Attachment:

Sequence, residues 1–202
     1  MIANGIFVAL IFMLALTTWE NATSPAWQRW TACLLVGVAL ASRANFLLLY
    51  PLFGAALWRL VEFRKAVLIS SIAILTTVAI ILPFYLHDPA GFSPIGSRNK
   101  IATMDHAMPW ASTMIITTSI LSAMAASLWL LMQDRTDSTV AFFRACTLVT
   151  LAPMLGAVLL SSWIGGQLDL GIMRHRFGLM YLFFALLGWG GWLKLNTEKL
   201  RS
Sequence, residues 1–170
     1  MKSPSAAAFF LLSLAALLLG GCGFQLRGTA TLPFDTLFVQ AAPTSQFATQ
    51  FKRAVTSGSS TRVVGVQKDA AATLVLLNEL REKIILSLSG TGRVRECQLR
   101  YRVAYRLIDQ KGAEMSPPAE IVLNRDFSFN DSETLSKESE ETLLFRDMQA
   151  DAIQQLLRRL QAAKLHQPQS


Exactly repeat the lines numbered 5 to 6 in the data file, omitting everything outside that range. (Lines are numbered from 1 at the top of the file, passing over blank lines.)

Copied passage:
   151  LAPMLGAVLL SSWIGGQLDL GIMRHRFGLM YLFFALLGWG GWLKLNTEKL
   201  RS